From my personal experience, I can completely confirm Simonetta's analysis. Even in the theoretically civilized Tuscany, the local administrations have little or no resources to enforce the law outside urbanized areas. What had saved the woods, so far, is that at least the national laws were rather strict in protecting trees and that provided at least a veneer of protection. Now, the central government has abandoned even the pretense of governing the territory, leaving it all in the hands of the local bosses. It is normal, the collapse of civilizations comes first and foremost with the collapse of the central authority.

You may wonder whether anyone in Italy is speaking against such a horrible law; shouldn't the government protect people's property, including woods? In practice, just a few of the usual suspects have been protesting: environmental associations, a few experts, university professors, and the like - all people without any real power in the Italian society. From everybody else, especially at the political level, the silence has been deafening.

It is understandable: fighting this law implies going against an unholy alliance of 1) local politicians looking for funds for their re-election, 2) people living in the countryside, desperate for a revenue of some kind, of any kind, 3) the pellet industry, seeing a good market developing, and 4) city dwellers who want to warm their homes. And if you are thinking of defending a forest you believe should not be destroyed, you don't need to live in places where mafia rules to understand that "they" know where your children go to school.

In the end, it is all the result of the harsh law of EROI the energy return on energy invested. Humans exploit first the resources which give them the best yield (high EROI) and, in the recent history, these resources have been fossil fuels. Then, they move to progressively lower EROI resources. Now, it is the turn of woods in Italy, but it is not limited to Italy. Most civilization of the past fell together with a wave of deforestation that destroyed their last resources. Ours is not different, why should it be?

But a battle is surely going to be lost only if one refuses to fight it. So, if you want to give your contribution to this probably unvinnable battle to help the Italian woods, you can sign this petition. And, who knows? It might do something.


As a final consideration, you surely noted that I mentioned the Fascist government as having protected the trees in Italy. Surely, it did that better than the democratic governments which preceded and followed it. You may also know about the case of Japan: during the Edo period, the Japanese government enacted draconian laws to protect the Japanese forests: the unauthorized cutting of a single tree could be punished with death.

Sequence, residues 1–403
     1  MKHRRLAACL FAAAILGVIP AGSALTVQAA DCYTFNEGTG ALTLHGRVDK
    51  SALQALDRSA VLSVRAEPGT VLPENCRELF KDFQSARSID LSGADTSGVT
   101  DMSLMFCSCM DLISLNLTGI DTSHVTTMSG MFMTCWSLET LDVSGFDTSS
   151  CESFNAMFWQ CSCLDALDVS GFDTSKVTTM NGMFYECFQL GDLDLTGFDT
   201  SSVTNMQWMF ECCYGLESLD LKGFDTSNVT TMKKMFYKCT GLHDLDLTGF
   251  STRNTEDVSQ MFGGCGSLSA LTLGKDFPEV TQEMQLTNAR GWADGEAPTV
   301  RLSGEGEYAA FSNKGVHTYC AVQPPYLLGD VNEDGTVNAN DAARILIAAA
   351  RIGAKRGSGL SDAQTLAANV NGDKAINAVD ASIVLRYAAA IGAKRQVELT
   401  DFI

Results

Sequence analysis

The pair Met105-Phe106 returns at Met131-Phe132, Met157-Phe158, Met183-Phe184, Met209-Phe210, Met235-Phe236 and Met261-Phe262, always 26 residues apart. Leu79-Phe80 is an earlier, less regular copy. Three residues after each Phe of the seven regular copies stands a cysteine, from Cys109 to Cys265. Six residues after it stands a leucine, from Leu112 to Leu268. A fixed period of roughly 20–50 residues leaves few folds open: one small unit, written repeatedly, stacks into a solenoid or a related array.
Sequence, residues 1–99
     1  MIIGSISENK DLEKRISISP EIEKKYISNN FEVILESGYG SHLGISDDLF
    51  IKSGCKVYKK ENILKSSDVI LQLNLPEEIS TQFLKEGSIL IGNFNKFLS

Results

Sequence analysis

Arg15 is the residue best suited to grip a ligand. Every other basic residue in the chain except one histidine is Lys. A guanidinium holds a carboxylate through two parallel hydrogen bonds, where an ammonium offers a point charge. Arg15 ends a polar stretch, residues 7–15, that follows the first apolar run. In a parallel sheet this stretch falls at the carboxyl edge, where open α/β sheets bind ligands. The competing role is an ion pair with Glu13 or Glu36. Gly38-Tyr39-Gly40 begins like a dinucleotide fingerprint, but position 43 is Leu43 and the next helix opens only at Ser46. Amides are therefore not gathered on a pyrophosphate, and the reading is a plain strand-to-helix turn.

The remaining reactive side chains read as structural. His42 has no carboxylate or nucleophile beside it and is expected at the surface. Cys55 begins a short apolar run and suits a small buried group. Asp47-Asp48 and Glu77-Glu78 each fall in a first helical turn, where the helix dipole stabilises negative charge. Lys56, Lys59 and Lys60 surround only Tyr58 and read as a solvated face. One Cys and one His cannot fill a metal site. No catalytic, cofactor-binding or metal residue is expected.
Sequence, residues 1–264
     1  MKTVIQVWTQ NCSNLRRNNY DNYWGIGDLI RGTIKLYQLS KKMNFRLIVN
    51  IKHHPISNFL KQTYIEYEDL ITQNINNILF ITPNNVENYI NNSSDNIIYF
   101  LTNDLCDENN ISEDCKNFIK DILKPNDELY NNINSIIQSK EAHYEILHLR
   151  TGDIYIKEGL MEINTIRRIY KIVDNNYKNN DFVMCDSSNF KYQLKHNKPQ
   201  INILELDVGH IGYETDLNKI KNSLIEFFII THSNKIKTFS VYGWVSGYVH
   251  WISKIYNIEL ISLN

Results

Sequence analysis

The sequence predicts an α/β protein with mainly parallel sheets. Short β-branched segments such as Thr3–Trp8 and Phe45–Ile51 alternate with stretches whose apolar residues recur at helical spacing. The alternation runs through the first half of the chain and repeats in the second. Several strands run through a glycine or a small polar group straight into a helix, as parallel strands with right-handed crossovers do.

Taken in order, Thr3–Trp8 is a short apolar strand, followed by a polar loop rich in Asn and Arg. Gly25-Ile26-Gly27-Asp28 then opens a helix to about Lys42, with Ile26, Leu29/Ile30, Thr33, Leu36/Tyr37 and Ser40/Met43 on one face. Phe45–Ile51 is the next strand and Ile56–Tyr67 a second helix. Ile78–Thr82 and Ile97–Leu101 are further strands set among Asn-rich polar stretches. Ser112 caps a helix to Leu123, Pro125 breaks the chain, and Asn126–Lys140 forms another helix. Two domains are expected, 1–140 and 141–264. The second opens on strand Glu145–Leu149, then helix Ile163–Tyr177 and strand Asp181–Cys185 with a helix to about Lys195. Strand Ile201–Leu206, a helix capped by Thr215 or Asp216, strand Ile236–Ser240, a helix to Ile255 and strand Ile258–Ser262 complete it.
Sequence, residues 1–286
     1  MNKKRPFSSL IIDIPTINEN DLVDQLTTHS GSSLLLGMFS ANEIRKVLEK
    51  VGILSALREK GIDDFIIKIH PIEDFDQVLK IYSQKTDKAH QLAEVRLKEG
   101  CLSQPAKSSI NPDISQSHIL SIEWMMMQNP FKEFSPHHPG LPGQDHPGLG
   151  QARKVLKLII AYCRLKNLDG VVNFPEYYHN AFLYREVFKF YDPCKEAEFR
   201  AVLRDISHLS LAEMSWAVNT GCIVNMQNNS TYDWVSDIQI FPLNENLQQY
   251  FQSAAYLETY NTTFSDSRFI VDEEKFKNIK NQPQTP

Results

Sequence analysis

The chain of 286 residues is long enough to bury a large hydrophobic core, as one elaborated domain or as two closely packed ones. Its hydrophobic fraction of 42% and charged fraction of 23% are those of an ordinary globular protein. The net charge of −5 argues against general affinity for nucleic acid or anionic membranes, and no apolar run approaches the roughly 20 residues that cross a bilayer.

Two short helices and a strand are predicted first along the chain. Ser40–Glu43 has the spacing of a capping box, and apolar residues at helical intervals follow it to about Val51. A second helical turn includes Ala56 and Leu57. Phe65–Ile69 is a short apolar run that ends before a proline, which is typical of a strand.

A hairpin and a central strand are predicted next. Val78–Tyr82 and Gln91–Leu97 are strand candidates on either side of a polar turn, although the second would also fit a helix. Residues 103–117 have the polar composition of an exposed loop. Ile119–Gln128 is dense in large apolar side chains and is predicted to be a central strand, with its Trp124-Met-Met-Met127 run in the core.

Does that mean that we need an authoritarian government to keep alive the world's forests (and with them, humankind)? Perhaps, but the problem is more complex than that. An authoritarian government is expensive - it needs a police, an army, a bureaucracy, a propaganda system, and more - all things which need resources to be maintained. In times of collapse, an authoritarian government cannot survive better than a democratic one. Right now, we are clearly moving towards more and more authoritarian forms of government, but that doesn't seem to be leading to a better management of the ecosystem. Rather, these governments seem to be more adept at sponsoring the plunder of whatever is left.

What is needed for keeping the ecosystem alive is a stable economic system, which is exactly what we don't have and we won't have in the foreseeable future. So, it looks like we have to go through collapse. Then we'll re-emerge, perhaps, wiser than before. In the meantime, we have to put up with the limits of human nature.

33 comments:

  1. If recall rightly, you wrote a piece about the Medici having done something to save the woods of Tuscany, too?

    Oh well, isn't Democracy beautiful?

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    1. Democracy is based on consensus, and that makes it usually less expensive than dictatorships. Unfortunately, sometimes consensus is about doing bad things....

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    2. BTW, the previous paper of mine on the subject is here

      http://cassandralegacy.blogspot.it/2013/01/plant-trees-disband-army-work-together.html

      It says, basically, that Tuscany had a reasonably good set of forest policies as long as it was an independent state. Then, well...

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  2. Professor Bardi,
    Unbelievable arrogance and stupidity displayed by your government. I trust there will be pushback - legal challenges, demonstrations, and political pressure to reverse this disastrous law.

    While wood heat is useful, and we use wood here in British Columbia, it is a cumbersome chore to heat a home with it.
    Surely in sunnier parts of the world, appropriate technology i.e. passive solar space heating and solar water heating are economical propositions.